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A Network of Crystals For Long-Distance Quantum Communication

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The quantum repeater: two crystals in operation.

Researchers from the University of Geneva, Switzerland, have demonstrated a novel quantum communications protocol based on a crystal than can emit quantum light as well as store it for arbitrary long times.

Credit: University of Geneva

Researchers at the University of Geneva (UNIGE) in Switzerland have developed and demonstrated a protocol for long-distance quantum communication using a network of crystals that emit quantum light and store it for arbitrary intervals.

UNIGE's Cyril Laplane says the protocol's reliance on single photons entails a significant possibility of particle loss when the photons propagate in conventional communication links, which grows more crucial with distance.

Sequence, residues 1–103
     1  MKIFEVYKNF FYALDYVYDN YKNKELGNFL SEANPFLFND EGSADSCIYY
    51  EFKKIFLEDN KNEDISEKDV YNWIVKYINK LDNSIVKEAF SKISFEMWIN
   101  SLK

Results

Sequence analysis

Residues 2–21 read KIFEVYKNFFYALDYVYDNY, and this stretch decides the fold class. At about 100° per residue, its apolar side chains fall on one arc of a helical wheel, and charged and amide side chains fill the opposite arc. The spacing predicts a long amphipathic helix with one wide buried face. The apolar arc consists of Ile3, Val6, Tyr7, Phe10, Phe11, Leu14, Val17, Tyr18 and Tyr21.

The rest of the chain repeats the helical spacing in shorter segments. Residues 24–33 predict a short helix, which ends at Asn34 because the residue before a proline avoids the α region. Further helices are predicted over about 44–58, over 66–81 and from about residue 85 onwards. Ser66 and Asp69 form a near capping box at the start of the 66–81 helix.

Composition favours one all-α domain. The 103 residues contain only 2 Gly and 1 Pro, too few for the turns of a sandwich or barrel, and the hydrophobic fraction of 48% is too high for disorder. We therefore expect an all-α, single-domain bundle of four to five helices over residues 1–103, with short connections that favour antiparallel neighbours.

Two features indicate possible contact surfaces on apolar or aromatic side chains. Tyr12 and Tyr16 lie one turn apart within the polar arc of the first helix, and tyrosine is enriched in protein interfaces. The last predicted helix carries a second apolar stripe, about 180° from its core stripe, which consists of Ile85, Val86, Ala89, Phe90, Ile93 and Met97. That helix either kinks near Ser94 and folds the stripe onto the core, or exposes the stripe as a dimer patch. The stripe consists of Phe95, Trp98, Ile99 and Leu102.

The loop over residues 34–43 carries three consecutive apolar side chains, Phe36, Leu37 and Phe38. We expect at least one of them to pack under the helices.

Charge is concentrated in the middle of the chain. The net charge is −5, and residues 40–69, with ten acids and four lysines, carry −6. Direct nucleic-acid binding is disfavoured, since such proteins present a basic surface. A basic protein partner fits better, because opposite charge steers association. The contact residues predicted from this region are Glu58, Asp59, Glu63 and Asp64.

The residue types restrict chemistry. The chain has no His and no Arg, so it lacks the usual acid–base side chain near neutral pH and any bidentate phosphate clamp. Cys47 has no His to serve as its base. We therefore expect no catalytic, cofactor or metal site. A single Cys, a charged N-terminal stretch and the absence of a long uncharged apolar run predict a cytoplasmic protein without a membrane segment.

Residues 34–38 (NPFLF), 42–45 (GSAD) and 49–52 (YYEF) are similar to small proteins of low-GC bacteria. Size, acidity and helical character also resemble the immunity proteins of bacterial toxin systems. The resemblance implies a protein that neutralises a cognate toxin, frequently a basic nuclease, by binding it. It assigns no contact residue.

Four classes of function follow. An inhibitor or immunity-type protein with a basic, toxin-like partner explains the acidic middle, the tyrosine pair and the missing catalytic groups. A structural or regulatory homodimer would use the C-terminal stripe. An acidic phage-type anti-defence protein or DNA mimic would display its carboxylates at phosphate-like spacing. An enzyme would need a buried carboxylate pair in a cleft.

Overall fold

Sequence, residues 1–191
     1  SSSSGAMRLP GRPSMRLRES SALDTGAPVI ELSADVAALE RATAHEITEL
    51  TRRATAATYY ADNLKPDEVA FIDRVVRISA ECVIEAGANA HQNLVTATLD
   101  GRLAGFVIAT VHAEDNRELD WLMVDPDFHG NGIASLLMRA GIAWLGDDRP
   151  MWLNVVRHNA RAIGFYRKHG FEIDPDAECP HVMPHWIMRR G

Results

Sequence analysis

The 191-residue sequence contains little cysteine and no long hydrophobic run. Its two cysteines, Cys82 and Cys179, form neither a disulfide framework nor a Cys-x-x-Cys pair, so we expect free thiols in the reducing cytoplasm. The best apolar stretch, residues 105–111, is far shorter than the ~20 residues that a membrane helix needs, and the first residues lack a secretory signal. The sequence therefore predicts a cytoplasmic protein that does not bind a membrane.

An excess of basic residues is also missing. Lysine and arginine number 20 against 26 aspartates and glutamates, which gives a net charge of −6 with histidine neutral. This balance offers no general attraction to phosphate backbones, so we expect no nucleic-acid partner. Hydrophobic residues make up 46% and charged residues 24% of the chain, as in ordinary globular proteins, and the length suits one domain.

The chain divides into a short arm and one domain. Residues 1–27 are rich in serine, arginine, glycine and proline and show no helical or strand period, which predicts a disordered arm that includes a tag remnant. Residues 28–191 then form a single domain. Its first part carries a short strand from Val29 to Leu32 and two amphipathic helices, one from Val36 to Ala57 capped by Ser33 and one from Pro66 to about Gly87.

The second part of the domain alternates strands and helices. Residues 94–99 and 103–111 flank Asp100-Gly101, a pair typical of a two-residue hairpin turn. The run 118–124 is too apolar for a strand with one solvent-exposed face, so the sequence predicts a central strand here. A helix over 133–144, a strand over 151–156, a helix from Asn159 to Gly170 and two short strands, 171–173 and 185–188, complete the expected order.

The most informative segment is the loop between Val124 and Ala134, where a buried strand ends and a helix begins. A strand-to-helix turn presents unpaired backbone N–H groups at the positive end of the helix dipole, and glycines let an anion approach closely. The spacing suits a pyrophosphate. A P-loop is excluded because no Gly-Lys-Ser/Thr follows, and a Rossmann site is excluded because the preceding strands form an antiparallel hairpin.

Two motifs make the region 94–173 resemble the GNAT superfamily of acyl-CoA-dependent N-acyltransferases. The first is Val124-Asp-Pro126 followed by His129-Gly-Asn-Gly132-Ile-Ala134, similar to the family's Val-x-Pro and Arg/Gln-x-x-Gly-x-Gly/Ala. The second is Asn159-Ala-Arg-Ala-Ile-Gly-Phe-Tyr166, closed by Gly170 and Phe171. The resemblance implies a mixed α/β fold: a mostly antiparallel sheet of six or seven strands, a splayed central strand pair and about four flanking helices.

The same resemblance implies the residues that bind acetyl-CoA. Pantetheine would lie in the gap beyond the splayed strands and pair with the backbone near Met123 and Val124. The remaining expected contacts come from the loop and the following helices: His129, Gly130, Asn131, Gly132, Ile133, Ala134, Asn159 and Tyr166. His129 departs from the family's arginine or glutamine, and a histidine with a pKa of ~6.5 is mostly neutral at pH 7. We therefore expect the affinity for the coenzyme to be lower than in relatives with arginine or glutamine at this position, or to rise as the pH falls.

For the quantum repeater, "we are using a crystal capable of storing the quantum state of light," says UNIGE's Jean Etesse. "It possesses the advantage of being relatively simple to use with the potential for very long storage times."

Etesse says the crystals can absorb light and restore it later, without reading encoded information. In addition, they can produce single photons and store them on demand.

The crystal is the source and memory for quantum information, streamlining the protocol for quantum repeaters and establishing the basis for a quantum Internet.

From University of Geneva
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